Welcome to the homestead kitchen, where we specialize in cooking from scratch, and using real food. Today we’re going to talk about bread. There is nothing quite like the smell of baking bread to bring people from all parts of the house to the kitchen with anticipatory smiles on their faces. Ask me how I know.
I also know the idea of baking bread can be intimidating, but don’t let it scare you too much. We’re going to have some fun!
There are two basic types of bread: Quick Breads and Yeast Breads.
Quick breads use baking powder and/or baking soda as a leavening agent. Biscuits, pancakes, cornbread, and nut breads are examples of quick breads. Today, specifically, we’re going to talk about biscuits.
When I was twelve years old, I started visiting my dad and step mom in Georgia during the summer. My step mom, Dot, is a traditional southern cook, and her fried chicken and buttermilk biscuits are to die for. I watched her, in fascination, as she formed each biscuit by hand (without a biscuit cutter), leaving a pan of biscuits that looked like they came out of a machine, but tasted like they came out of heaven.
It was years before I actually tackled it myself, and no, mine don’t look like hers. None of my bread is “pretty”. It just isn’t. I must not hold my mouth right or something. It does however, taste good.
Baking powder biscuits just need a few things: flour, salt, baking powder and a liquid. If your liquid is butter milk, you will also need baking soda. Dot always used self rising flour, which has the leavening included, but I don’t. I use plain white flour, and sometimes, if it’s in the budget, I’ll use some whole wheat or spelt flour too.
So, let’s get started shall we?
First, we need flour. I’m using four cups of all purpose flour, to which I will add two teaspoons of salt, four teaspoons of baking powder and a half teaspoon of baking soda. I use a whisk to mix it all together.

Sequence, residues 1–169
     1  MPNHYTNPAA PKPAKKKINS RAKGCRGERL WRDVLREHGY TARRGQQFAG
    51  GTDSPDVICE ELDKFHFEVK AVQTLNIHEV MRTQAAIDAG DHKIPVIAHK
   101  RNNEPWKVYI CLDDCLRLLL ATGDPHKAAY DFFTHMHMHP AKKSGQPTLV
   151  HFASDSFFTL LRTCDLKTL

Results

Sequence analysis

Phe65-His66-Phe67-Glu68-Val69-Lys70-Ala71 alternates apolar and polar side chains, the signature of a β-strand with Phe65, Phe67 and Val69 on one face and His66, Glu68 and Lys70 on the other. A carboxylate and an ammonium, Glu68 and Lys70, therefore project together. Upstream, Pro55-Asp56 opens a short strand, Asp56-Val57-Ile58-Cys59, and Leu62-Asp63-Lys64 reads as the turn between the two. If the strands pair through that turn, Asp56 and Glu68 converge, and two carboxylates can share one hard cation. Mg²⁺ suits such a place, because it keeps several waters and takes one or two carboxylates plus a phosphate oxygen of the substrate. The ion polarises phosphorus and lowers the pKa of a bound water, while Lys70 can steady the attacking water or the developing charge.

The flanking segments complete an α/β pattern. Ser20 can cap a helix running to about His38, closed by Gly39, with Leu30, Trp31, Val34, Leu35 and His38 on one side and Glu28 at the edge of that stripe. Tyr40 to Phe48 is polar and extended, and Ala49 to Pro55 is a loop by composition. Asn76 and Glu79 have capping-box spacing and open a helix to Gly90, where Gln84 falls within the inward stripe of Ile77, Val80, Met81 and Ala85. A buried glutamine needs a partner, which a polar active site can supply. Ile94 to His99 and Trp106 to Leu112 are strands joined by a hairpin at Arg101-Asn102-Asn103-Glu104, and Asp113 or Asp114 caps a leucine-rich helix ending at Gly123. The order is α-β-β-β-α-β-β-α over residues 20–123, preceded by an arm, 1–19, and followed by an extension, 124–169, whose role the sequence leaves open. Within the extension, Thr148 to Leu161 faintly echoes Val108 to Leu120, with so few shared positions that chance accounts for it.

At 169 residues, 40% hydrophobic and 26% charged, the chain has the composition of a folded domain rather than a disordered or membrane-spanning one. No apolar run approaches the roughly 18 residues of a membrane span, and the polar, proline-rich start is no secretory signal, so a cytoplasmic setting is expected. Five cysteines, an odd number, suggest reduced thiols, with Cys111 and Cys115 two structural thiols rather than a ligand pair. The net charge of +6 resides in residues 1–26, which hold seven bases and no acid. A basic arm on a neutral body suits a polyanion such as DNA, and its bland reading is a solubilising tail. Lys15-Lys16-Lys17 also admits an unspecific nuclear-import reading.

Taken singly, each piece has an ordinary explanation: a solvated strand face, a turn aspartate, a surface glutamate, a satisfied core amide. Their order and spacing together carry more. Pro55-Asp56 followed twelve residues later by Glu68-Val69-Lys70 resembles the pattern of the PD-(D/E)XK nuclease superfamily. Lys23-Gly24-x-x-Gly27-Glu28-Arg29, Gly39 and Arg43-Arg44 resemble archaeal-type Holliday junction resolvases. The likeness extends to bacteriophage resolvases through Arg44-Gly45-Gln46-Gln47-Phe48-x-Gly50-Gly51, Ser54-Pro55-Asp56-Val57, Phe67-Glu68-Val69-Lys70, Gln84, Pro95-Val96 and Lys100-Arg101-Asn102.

Then I add a cup of shortening. You can use whatever solid shortening you have on hand. Today I used what was left from some Crisco that I had for something else. Usually, I stay away from vegetable shortening because I don’t think it’s good for you, but I had it and I needed to use it up. Otherwise I would use butter or lard. I mix it in with a pastry blender until it looks like course crumbs .
Next comes the buttermilk. The recipe would call for two cups, but it really depends on your flour, so I start with one and a half cups and add more if I need it. Mix well.
Now, you need to put your dough out on a floured surface. I use newspapers, because it cuts down on the mess. I can just roll it up and throw it away when I’m finished. You can roll the dough out with a rolling pin or pat it out by hand. You can use a biscuit cutter and cut them out, or you can pinch off pieces and roll them between your hands. I do the latter.
Put your rolled pieces on a greased baking sheet, sides touching.
Bake in a 400 degree oven for about 20 minutes or until brown on the top.
See, they aren’t pretty, but they sure were good! There were only two left after breakfast, and all four of us were home for breakfast.
Baking bread can seem like a daunting undertaking, but don’t let that put you off. Like many things, it just takes some practice. My great grandma Marie said of her bread making experience. “My neighbor asked me, ‘How’d your bread turn out Marie?’ I said, ‘right out there in that trash can!’” Grandma didn’t give up though and by the time I came along she was an experienced bread baker. When I was about 13, after what seems like months of begging, she finally agreed to teach me how to make the bread she only made for family get togethers at fourth of July, Thanksgiving and Christmas.